It was June 1, 1999. I had a fresh master’s diploma in my pocket, about $62 to my name and wicked sunburn from a backpacking stint in Mexico with my boyfriend, Travis. It had been Trav’s idea for me to apply for a job in Telluride, a town he knew would quench his insatiable ski-thirst and a place I didn’t know (but would quickly discover) would become my creative Shangri-La. We drove down Main Street, ablaze in light like a twinkling toy village, and something in my soul caught fire. Trav and I wanted to stop for a celebratory beer that night, but even the $1 Schlitz at Fat Alley was too steep for us. The next day I’d start my job at the Sheridan Opera House, and the butterflies in my stomach exhilarated my senses. It was the beginning of it all, and it was beautiful.
Finding a place to live was possible, as the Daily Planet’s long-term rentals section listed plenty of options. Our first home was a 300-square-foot alley shack between Townsend and Davis. It had a dorm fridge and a two-burner hot plate that our landlord told us not to use, but we did anyway. In those days, ski bums lived on Colorado Avenue, and in the evenings after work, we’d hear music blasting from the “Reggae House” next door, and the lawns and porches up and down the street were crowded and alive. As I poured myself into creating a new children’s theater program, Trav began managing a ski shop and coaching for the Telluride Ski and Snowboard Club, where he’d eventually be the freestyle coach of a young Gus Kenworthy.
A few years passed. We got married. Post alley-shack, we served as live-in caretakers, a gig that allowed us to save every cent for a down payment on a house in Hillside that needed a lot of work, work we mostly did ourselves. Our kids were born. Trav started a business. And another. We relished in the challenges of raising babies while working multiple jobs in this tight-knit community that nurtured us and allowed us to thrive.
Our family left town for a sailing trip in 2016. Three years later, we returned to a Telluride that looked and felt profoundly different. It was busy and crowded all the time, as if festivals were happening every weekend, even when they weren’t. The spike in tourism wasn’t necessarily the issue (as an ardent traveler, I have always been heartily pro-tourism), it was a definitive shift in the community-driven culture of Telluride, and it seemed to be a loss of value in our locals that felt so off balance and disconcerting. Since then, and especially since the pandemic, this feeling has intensified dramatically. I always knew that Telluride couldn’t stay the same as I had discovered it, but what I never anticipated was that the core values that initially attracted me to this place — kindness, community-mindedness and the support of our invaluable local workforce — would be so diminished. Upon returning, we found locals to be stressed and disheartened; no one could seem to find a place to live. We became aware of the surge in the short-term rental (STR) market, with more than 300 added in the last five years alone. That’s the equivalent to four to six large, multi-story hotels thrust into our tiny box canyon. With that astronomical, unchecked growth, no wonder the town feels so squeezed and monopolized, no wonder so many locals are overwhelmed as they try to meet this unprecedented demand while struggling to find a place to live. With the gush of STRs, long-term housing has become increasingly more difficult to come by. Studies conducted by the Harvard Business Review and the Economic Policy Institute are just two examples of vast empirical research that shows a direct correlation between a rising STR market and decreased long-term and affordable housing. Capping the number of STRs is a measure that’s been adopted by communities across the country, and we have the opportunity to do so now in Telluride with the current citizen’s initiative that’s on the table, the one that is supported enthusiastically by so many locals and that some financially motivated entities are trying so desperately to thwart.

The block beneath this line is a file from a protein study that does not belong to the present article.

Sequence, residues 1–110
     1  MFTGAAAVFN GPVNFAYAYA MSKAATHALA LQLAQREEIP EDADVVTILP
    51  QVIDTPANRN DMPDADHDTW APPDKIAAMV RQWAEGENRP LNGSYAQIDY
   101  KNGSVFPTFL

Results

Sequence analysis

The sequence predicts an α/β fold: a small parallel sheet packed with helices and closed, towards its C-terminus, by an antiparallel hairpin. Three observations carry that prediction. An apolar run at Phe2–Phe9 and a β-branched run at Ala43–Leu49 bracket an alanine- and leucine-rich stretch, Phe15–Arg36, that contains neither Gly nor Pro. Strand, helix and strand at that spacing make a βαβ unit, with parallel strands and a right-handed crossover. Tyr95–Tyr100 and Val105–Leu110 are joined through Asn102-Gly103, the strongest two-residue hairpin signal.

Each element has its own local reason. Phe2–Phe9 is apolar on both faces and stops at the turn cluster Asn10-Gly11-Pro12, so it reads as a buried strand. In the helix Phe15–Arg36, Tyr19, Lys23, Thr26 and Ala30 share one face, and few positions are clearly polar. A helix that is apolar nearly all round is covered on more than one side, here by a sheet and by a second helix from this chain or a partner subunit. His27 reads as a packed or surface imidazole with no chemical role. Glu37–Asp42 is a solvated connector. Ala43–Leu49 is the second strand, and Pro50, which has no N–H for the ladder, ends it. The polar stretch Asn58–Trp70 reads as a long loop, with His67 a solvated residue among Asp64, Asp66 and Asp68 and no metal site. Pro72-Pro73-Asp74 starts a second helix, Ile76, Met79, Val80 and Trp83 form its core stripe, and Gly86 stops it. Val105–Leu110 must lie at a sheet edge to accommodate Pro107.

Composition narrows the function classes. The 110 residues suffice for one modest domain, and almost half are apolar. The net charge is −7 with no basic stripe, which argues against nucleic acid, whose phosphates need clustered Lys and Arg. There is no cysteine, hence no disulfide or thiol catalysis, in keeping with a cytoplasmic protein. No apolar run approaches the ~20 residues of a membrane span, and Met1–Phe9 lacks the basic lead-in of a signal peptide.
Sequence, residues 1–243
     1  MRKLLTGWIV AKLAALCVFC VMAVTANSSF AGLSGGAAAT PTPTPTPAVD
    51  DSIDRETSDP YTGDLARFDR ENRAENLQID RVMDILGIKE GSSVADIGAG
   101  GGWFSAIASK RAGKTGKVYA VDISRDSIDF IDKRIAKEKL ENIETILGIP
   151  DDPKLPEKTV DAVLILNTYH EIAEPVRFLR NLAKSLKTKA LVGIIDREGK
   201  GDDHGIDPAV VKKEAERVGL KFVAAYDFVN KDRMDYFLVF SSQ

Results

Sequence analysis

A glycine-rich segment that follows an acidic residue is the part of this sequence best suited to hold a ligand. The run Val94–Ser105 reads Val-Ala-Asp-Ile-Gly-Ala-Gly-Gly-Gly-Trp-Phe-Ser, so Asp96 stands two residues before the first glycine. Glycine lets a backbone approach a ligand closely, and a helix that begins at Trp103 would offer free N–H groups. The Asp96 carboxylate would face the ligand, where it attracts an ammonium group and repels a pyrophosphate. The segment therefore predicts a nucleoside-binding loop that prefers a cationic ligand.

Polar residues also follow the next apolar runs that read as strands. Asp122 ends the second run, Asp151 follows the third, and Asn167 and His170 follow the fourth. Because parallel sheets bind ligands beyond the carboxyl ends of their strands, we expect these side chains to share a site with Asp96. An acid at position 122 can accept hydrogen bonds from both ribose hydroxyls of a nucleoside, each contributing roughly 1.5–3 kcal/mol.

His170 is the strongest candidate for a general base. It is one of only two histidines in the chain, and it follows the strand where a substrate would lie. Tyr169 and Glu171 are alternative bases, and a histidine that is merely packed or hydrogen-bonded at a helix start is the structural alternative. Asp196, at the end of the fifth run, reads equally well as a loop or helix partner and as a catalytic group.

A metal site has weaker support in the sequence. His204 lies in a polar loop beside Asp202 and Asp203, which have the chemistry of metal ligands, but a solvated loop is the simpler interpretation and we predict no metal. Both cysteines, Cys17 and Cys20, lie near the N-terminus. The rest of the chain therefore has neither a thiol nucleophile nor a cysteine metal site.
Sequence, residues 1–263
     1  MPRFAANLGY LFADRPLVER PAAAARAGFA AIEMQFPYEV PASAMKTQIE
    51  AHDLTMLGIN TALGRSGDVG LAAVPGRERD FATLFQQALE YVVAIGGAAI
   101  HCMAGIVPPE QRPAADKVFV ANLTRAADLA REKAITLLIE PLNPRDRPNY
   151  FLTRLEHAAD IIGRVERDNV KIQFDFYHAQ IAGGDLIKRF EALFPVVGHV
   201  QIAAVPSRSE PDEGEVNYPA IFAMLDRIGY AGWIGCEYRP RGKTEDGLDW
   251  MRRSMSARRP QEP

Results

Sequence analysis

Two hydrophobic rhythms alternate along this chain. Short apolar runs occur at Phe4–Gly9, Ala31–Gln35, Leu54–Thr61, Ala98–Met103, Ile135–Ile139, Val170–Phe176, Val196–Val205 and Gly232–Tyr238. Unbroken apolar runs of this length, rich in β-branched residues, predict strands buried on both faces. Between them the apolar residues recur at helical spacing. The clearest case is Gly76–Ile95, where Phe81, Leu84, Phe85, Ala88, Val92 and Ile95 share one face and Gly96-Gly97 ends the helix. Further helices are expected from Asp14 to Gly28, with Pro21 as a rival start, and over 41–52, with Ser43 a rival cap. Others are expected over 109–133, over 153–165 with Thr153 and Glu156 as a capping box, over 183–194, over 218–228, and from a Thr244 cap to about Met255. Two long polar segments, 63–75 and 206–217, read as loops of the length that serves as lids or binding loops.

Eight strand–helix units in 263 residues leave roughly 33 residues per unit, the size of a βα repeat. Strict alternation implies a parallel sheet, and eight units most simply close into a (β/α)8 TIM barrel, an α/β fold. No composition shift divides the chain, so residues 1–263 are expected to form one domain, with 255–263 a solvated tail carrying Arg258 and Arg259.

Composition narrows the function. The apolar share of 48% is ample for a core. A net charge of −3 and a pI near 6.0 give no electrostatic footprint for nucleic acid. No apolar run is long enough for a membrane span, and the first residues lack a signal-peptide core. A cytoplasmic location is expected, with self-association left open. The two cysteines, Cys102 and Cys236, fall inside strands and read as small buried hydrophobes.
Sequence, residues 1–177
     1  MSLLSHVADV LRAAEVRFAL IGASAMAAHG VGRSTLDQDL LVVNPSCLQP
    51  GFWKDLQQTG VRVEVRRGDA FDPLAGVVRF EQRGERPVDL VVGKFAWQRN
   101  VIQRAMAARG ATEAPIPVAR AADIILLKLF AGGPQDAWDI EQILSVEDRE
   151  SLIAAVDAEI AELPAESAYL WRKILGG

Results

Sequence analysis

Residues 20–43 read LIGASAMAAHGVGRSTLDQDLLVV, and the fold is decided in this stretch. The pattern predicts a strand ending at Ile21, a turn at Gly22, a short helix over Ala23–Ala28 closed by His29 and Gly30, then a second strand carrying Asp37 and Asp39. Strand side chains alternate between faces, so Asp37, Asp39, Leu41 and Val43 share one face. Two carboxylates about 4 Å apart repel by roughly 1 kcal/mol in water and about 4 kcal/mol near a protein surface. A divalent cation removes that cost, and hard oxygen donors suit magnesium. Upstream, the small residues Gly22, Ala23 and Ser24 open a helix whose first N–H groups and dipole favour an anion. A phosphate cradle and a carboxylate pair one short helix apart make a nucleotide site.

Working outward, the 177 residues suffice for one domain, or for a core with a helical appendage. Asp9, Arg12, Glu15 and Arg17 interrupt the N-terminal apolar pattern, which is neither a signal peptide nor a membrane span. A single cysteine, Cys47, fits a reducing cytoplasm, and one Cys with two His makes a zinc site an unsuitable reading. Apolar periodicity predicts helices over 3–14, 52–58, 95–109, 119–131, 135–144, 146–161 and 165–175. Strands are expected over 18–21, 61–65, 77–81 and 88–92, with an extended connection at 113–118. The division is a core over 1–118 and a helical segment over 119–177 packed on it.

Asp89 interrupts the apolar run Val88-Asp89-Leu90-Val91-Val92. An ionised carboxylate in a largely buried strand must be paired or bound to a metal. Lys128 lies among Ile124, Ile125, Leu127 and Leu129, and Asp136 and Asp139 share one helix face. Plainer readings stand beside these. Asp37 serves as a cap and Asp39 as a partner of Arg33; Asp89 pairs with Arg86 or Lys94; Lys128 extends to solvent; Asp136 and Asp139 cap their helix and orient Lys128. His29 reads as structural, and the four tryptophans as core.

Will the STR cap solve our housing crisis? No. But it will be a solid first step in restoring the balance here, in demonstrating that we prioritize the welfare of our locals and value the long-term health of our community over easy short term gain. I liken the STR cap to another bold move in Telluride’s history: The creation of the Historic and Architectural Review Commission (HARC), formed in order to preserve the historic coherence of Telluride. Getting a project passed by HARC isn’t easy, and I’m grateful that it isn’t. Just as HARC is here to protect Telluride’s historic integrity, initiatives like the STR cap seek to protect Telluride’s cultural integrity, to protect the unique cultural climate that made this town so popular in the first place.
I often wonder if some of the people who moved here around the same time Trav and I did have forgotten how much we all needed an affordable place to live when we all rolled into town. Who would we be today if we hadn’t had that basic human need fulfilled? As Trav has noted, we arrived in Telluride as seeds that were given room and encouragement to grow. Friends, the time has come that we make room for more new seeds, to nurture them and allow them to thrive. I truly believe that the future of Telluride depends on it.